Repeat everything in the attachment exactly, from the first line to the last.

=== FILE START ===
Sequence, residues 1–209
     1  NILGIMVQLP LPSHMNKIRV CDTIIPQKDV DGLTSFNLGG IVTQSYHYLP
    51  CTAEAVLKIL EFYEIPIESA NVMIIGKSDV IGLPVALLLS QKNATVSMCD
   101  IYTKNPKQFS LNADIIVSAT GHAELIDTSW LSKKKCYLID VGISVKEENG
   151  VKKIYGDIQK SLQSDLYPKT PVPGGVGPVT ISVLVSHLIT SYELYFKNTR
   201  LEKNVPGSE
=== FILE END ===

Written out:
Sequence, residues 1–209
     1  NILGIMVQLP LPSHMNKIRV CDTIIPQKDV DGLTSFNLGG IVTQSYHYLP
    51  CTAEAVLKIL EFYEIPIESA NVMIIGKSDV IGLPVALLLS QKNATVSMCD
   101  IYTKNPKQFS LNADIIVSAT GHAELIDTSW LSKKKCYLID VGISVKEENG
   151  VKKIYGDIQK SLQSDLYPKT PVPGGVGPVT ISVLVSHLIT SYELYFKNTR
   201  LEKNVPGSE